After eight years, Liz Broderick has made her last public appearance as Australia’s Sex Discrimination Commissioner. During her tenure, she’s seen the number of women on boards double, the introduction of paid parental leave and domestic violence become a priority for the government. Despite handing her title on to a yet-to-be-determined person, Broderick says she won’t lose the passion for gender equality that led her to take this position in the first place.
As she leaves office, we reflect back on five quotes that highlight her status as a champion for change.
“Gender equality is not a battle of the sexes, it’s a battle for equality, a battle that men and women must wage side-by-side. The empowerment of women is about the empowerment of humanity.”
Gender inequality does not just affect women, and Broderick has partnered with organisations such as Male Champions for Change to promote awareness of sex discrimination’s wide-reaching effects.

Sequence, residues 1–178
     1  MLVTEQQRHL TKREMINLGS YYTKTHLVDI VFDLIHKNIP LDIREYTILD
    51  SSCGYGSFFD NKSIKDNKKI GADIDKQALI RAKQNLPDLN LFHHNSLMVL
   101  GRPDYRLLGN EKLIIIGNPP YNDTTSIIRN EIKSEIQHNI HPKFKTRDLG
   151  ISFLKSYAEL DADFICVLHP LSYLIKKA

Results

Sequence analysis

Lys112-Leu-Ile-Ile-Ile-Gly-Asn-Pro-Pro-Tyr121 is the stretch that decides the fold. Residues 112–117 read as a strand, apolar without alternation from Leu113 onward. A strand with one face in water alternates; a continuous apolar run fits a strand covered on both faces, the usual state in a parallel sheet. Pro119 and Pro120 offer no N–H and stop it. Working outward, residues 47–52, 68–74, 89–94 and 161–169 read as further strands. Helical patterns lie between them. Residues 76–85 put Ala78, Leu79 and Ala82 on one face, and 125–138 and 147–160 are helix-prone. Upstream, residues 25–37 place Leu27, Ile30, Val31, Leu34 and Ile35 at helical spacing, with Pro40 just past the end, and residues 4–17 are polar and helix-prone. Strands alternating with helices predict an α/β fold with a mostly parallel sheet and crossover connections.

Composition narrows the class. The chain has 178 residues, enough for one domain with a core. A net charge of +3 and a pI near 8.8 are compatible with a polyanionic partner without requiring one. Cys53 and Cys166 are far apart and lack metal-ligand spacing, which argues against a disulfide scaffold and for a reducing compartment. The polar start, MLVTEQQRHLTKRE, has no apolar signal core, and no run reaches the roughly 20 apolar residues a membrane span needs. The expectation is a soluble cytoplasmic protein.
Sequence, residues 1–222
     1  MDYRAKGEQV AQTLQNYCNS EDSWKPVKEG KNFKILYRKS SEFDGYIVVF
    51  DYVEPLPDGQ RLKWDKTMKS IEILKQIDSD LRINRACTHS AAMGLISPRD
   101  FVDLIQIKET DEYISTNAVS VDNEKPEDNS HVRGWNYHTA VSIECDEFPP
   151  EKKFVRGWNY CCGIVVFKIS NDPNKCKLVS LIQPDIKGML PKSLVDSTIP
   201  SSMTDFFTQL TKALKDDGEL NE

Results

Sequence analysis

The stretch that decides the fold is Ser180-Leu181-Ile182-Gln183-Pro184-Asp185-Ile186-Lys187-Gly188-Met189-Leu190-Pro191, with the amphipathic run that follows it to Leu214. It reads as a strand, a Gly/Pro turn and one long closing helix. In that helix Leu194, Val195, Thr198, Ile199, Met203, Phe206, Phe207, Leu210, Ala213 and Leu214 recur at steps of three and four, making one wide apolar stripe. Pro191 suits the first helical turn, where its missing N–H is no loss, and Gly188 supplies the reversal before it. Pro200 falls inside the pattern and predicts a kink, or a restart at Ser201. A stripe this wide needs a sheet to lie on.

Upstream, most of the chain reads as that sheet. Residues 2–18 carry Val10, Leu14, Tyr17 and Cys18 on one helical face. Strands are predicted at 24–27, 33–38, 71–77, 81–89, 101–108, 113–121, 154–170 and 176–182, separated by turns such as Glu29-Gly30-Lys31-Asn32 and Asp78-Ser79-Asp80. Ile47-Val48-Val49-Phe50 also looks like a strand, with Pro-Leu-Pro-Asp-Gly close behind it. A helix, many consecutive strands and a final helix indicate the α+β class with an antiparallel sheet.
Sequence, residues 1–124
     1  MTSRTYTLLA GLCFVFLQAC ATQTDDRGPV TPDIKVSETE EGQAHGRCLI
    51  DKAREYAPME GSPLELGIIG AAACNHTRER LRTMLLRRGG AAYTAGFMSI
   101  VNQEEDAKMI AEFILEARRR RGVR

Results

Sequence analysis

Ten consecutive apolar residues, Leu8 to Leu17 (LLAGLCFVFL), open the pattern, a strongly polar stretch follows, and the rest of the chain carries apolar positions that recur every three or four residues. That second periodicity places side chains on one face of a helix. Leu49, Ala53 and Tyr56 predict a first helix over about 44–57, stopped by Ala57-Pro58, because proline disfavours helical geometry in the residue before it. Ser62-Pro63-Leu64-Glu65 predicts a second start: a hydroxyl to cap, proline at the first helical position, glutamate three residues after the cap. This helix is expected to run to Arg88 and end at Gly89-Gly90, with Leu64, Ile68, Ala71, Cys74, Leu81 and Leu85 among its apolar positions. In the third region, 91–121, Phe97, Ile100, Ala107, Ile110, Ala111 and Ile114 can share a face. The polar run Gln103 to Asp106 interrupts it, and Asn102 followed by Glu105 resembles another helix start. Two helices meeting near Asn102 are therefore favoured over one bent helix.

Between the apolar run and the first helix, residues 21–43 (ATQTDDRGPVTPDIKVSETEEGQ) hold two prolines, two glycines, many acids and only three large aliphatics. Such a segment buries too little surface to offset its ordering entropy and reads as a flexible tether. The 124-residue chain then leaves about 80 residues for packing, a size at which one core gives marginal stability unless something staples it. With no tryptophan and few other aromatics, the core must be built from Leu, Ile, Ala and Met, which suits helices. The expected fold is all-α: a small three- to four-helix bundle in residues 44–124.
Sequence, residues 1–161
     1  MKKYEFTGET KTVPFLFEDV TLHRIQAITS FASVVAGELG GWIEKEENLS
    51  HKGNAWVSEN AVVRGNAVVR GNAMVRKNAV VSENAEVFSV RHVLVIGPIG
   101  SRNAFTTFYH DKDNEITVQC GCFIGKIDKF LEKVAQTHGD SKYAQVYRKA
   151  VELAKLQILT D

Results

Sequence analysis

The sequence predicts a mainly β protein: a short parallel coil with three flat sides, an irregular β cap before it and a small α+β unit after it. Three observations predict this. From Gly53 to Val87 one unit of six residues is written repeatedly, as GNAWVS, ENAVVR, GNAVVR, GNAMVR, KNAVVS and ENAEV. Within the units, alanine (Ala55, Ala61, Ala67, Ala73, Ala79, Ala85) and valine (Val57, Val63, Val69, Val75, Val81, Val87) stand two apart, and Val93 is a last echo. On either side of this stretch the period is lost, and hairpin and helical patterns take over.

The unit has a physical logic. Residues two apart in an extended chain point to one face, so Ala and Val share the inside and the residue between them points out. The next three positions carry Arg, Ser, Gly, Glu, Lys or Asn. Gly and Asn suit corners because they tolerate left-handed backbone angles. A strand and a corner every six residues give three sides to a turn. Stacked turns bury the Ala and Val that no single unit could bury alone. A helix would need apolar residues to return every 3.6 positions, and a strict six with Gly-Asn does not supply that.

“Work and care should not sit at opposite ends of one hard choice.”
Many women still have to make the choice between a baby and a career. This is a decision no one should be forced to make, says Broderick.
“Inequality will affect those who have less power to a greater degree.”
Minority women and women with disabilities face additional challenges on top of gender inequality. Broderick has advocated for increased awareness about intersectional discrimination and how one-size-fits-all solutions don’t exist.
“We need to rewrite the rules when they perpetuate injustice.”
Broderick often spoke about the need for people to proactively pursue change and solutions that work within their communities, rather than act as passive recipients. She has also spoken about the importance of learning through listening to other’s stories and standing in their shoes.
And finally …
“Gender equality is the unfinished business of the 21st century.”
We have written before about the forward and backward steps in women’s push for equality in the workplace. Although Broderick has made strides, there is still a lot of work to be done, including closing the wage gap, remedying cuts to parental leave and addressing the prevalence of sexual harassment in the workplace. Her successor has big shoes to fill.